Riding the Adolescent Emotional Rollercoaster Can Actually Be a Gift


Embrace your emotional rollercoaster of an adolescent as the priceless gift they are.


Growing up, I was a compliant and obedient adolescent. I had a mom that had gone through a lot and I didn’t want to upset her. I was a “good girl” and wanted to make her happy. I made my bed every morning. I never threw my clothes on the floor. I rarely argued or expressed any negative feelings.
Being compliant had its benefits. Overall, I was easy to parent. I was agreeable and “nice.” I avoided conflict, I was well liked, and people loved to have me around.
There was also a cost to being compliant. I didn’t know myself very well, and I was mostly unaware of how I felt.
For years I prayed for a happy and connected family. I knew there were things about my childhood that I didn’t want to repeat with my own kids. Namely, I didn’t want my kids to be afraid to share with me how they felt like I had growing up.

God sometimes answers our prayers in the most mysterious and humorous ways.

He gave me an emotional and strong-willed tween.

When my emotional tween daughter would express her feelings, I had a critical parent yelling in my head. I felt confused and conflicted as how to best handle her. I had no emotional compass to help me to navigate my emotions, let alone hers.

Having an emotional tween daughter was a gift, that at first felt like a curse.

The gift ended up being priceless. Her emotions woke me up to knowing myself. I soon realized that if I was to help her process her feelings and channel them in healthy ways, I was going to have to learn to feel and process mine.

Emotions are the heart of connection. I learned that if I was to have a close and satisfying relationship with my daughter (and others in my family), I was going to have to “do” emotions. Plain and simple.

The perceived curse?

I had to feel. This was uncomfortable and foreign. Feelings aren’t always fun.

We all have an emotional history which comes from our childhood. Some of us grew up in families where it was okay to express and talk about how we were feeling. It was okay to be sad, to cry, and to express when you were angry.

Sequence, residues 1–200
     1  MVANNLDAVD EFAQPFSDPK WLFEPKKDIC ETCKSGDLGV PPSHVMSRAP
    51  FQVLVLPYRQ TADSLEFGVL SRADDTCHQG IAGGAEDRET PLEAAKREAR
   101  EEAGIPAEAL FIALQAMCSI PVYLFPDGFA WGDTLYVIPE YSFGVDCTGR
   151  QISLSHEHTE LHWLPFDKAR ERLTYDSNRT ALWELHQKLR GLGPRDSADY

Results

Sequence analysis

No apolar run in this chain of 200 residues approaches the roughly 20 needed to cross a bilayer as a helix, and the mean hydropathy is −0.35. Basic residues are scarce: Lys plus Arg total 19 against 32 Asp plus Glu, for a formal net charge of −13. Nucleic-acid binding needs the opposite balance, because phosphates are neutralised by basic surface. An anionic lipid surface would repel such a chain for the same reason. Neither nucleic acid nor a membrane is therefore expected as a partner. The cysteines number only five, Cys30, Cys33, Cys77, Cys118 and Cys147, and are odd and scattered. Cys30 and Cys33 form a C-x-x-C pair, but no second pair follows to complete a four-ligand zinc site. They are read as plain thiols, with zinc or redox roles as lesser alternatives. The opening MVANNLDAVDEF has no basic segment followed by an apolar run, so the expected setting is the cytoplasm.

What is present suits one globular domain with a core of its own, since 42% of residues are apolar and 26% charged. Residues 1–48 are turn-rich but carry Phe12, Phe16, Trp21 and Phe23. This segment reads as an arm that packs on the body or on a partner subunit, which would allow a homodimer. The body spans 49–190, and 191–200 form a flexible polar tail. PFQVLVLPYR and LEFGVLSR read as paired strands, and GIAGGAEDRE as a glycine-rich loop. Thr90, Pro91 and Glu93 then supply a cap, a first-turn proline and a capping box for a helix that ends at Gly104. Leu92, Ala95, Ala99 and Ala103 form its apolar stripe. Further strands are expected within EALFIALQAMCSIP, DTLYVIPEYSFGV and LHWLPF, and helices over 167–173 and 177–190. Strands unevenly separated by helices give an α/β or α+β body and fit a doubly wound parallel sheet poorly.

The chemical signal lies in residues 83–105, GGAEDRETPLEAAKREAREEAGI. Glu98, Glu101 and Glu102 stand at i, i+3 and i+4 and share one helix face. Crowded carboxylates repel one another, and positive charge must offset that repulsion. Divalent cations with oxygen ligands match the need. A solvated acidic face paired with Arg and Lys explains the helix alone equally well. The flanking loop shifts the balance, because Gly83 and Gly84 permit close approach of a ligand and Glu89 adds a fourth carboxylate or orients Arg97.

Others among us grew up in homes where we were told, “Don’t cry or I’ll give you something to cry about,” or, perhaps, a “Don’t you dare talk to me that way,” or “Don’t say anything unless you have something nice to say.”

Those of us who grew up in homes where our emotions were dismissed have more work to do as adults and parents.

Knowing what I know today, a red flag goes up when I work with a mom who expresses her desire for a happy family in which everyone gets along.


While I understand our desire to have a close and happy family, the concept of a “get along, happy family” isn’t the goal for attaining close and fulfilling relationships.

It’s essential we grow our emotional intelligence and become a self-aware parent in order to have honest, connected, and satisfying relationships with those we love.

 my teen or tween is so emotional

How to be an emotionally intelligent and conscious parent (most of the time):

Awaken to Your Feelings.

My emotional tween wasn’t afraid to express her feelings. It was me that was having the struggle and feeling the discomfort.

It’s scary to get comfortable with negative emotions when you’ve gotten the message that you’re only lovable when you’re good, and that you’re bad or less lovable when you express them (Not that this message is intentional. In fact, it’s common).

We want to push our kids’ negative feelings away. We want them to be happy and make them feel better. Without realizing it, we often tell our kids the “right” emotions to feel and we tend to treat our own emotions the same way.

Becoming aware of my own feelings and welcoming them, made it easier to accept my emotional tween’s roller coaster of hormonal emotions. I was less prone to be defensive, yell, and dismiss her feelings.